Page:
CBG: The New Kid on the Hemp Block

By now, you’ve probably heard about CBD, or cannabidiol. Extracted from the cannabis plant, CBD is available for dogs in treats topical creams, oils, tinctures, you name it. It can help relieve everything from arthritis pain, anxiety and seizures.

But there’s a new product on the market derived from the cannabis plant called CBG or cannabigerol, and it could improve your dog’s health in ways CBD can’t.

What is CBG?

CBG is the chemical precursor, or “stem cell,” to other cannabinoids and is found in young cannabis or hemp plants. (The conversion to other cannabinoids like THC and CBD occurs at around six to eight weeks in the flowering cycle.)

Because of this, CBG has unique properties. Keep in mind, there are around 100 compounds, or phytocannabinoids, found in the cannabis plant that interact with the body’s endocannabinoid system. This system regulates body functions including temperature, sleep, skin health, gut health, immune function, mood, metabolism and other vital life functions.

When to Use CBG

You might try CBG if your dog isn’t responding to CBD. It may also be a better choice for daytime use as CBG has an energizing effect rather than the calming effect of CBD. It also depends on your particular dog and the circumstances. For example, if you have an aging dog that spends most of his time sleeping or a dog that lies around all day because of aches and pains due to arthritis or other joint issues, CBG might be a better choice. (It can also be used in conjunction with CBD.)

How CBG Can Help Your Dog

CBG has neuroprotective properties, meaning it can salvage, recover or regenerate the cells, structure and function of the nervous system.

Help with pain: CBG may protect against nerve damage because it has anti-inflammatory  and antioxidant properties. These properties make CBG beneficial to inflammatory conditions in dogs like arthritis and hip dysplasia.

Boosts mood: CBG may increase anandamide, an endocannbinoid (one of the body’s own cannabinoids) that naturally increases dopamine levels and is responsible for regulating various critical health functions such as mood, sleep and appetite. It may be helpful for dogs who are depressed, anxious or fearful.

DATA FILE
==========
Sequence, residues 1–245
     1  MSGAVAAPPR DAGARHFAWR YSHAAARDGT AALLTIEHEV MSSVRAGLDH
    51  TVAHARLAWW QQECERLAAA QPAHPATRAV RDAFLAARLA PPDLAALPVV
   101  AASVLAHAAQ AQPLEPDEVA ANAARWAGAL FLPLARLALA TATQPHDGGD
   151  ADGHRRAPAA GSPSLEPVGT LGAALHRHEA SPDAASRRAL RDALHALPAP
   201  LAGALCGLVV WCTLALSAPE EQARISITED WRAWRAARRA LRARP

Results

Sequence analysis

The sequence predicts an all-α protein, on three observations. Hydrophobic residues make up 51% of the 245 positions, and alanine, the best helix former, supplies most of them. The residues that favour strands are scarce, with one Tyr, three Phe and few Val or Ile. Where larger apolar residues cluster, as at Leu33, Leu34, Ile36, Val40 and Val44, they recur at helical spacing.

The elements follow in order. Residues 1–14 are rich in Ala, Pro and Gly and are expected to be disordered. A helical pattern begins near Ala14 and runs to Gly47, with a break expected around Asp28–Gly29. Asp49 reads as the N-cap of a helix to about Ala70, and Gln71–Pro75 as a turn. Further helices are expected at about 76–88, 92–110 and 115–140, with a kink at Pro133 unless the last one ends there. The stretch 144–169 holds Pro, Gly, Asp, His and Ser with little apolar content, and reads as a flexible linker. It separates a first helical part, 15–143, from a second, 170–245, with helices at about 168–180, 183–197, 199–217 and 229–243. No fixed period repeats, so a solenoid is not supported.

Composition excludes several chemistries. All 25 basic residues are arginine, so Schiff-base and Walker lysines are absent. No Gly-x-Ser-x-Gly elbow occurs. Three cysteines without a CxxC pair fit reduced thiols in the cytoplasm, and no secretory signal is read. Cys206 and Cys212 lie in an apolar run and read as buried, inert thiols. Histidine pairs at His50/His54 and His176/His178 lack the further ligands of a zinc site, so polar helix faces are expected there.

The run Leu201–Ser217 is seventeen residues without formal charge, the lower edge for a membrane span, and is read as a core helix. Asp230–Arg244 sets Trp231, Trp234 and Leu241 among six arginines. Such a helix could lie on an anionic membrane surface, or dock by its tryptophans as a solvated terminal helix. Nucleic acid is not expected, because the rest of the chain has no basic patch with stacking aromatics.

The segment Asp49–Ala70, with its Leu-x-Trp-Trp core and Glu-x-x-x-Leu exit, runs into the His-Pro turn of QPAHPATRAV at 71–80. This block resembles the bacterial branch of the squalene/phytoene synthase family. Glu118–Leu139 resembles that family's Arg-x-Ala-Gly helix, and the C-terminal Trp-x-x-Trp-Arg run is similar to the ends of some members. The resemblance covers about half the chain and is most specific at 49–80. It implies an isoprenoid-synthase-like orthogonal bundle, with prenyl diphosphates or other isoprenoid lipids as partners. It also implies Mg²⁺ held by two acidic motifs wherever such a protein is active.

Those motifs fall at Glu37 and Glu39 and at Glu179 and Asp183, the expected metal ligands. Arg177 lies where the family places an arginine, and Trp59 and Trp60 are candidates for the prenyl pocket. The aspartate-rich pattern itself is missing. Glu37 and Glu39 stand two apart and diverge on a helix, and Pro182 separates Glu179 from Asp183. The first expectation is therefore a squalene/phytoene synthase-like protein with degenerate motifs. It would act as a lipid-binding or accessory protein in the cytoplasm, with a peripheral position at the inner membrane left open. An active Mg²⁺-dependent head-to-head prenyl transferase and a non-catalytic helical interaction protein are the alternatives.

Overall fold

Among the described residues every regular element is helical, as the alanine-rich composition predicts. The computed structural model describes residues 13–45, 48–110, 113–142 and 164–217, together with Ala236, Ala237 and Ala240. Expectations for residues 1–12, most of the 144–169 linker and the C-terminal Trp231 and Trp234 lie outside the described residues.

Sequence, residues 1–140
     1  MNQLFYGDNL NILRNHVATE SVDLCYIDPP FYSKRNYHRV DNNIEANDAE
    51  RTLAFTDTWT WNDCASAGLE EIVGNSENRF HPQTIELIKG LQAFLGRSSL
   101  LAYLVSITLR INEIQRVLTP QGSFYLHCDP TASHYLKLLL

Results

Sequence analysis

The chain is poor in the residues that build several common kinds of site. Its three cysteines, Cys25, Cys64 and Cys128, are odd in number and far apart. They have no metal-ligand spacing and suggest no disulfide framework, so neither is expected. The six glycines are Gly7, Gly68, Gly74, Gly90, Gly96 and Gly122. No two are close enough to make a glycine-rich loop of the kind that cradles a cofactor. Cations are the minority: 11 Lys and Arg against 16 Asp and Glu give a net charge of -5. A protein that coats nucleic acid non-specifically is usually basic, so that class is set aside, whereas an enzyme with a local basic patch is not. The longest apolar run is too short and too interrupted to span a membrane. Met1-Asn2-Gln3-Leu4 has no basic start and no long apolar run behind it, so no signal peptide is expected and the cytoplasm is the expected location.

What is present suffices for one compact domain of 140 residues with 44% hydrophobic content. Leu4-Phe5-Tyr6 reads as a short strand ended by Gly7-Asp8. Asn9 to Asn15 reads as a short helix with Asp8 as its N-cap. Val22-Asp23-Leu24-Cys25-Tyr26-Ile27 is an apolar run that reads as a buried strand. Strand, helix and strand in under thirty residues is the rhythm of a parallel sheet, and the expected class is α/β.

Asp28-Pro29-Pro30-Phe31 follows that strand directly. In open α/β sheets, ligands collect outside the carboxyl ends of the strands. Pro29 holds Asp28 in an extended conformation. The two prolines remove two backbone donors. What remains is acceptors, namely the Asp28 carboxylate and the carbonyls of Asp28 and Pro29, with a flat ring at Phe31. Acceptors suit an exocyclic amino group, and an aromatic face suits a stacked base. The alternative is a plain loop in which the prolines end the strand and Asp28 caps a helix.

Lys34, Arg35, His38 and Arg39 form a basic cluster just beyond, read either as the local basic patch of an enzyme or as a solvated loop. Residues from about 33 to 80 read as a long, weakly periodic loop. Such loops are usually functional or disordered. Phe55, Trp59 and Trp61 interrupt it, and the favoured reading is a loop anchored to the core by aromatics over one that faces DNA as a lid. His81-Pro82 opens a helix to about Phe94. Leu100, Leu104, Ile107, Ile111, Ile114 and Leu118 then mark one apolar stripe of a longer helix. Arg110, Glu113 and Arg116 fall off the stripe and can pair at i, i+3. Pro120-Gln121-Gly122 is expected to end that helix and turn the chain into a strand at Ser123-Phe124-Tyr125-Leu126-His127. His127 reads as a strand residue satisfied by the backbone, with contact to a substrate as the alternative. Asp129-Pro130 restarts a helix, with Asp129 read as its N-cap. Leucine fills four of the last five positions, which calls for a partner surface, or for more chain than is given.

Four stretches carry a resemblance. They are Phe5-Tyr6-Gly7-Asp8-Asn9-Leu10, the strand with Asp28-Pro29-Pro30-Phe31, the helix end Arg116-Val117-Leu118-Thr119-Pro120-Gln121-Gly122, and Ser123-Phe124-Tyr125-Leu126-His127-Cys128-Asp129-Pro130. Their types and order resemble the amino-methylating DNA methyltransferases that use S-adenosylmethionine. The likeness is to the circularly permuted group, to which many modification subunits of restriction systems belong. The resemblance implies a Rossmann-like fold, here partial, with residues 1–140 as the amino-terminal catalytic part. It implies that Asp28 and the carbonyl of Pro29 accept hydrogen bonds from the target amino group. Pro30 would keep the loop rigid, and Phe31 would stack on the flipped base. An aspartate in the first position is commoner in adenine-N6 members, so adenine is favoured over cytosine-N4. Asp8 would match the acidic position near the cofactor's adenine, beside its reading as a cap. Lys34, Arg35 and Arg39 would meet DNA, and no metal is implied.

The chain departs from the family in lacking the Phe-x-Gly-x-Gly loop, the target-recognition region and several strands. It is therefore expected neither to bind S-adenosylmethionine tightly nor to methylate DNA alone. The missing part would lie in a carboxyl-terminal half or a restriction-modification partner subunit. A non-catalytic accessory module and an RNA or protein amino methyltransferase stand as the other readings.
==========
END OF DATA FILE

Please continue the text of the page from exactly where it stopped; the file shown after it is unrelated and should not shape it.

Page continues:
Helps with focus: It can be beneficial to dogs during training sessions as CBG is more energizing and uplifting than CBD oil. It may also aid the learning process as CBG has been shown to promote , neurogenesis is the growth of new brain cells.

Aid in recovery: If your dog has cancer, administering CBG may slow the production of cancer cells and boost the body’s immune system. It can help a dog recover during cancer therapies as it helps with nausea  and vomiting and boosts the appetite

May relieve eye pressure: Because of its neuroprotective and anti-inflammatory properties, CBG may be part of the treatment for dogs that are in danger of developing glaucoma or other eye conditions, as it could reduce pressure.

Offer relief from bladder issues. For dogs that have frequent accidents, CBG has shown some potential for helping with bladder control (as long as it isn’t a side effect of a urinary tract infection). CBG can also help alleviate IBS and colitis.

Making CBG Part of Your Dog’s Routine

CBG is generally more expensive as it is present in minute amounts in most cannabis strains. James Rowland, CEO of Steve’s Goods, a brand that produces CBG products, told forbes “It takes thousands of pounds of biomass to create small amounts of CBG isolate.” That’s why CBG has been called “the Rolls Royce of cannabinoids.”

If you’ve been seeing positive effects from giving your dog CBD products, it might be more effective to try CBG for daytime use, especially in dogs that you are training as it helps with learning. CBG may also be a better choice for senior pups with mild dementia as it can increase mental focus and memory.

Both CBG and CBD are considered non-psychotropic, meaning they won’t cause intoxication or affect the state of mind in a manner that would inhibit any day-to-day function and men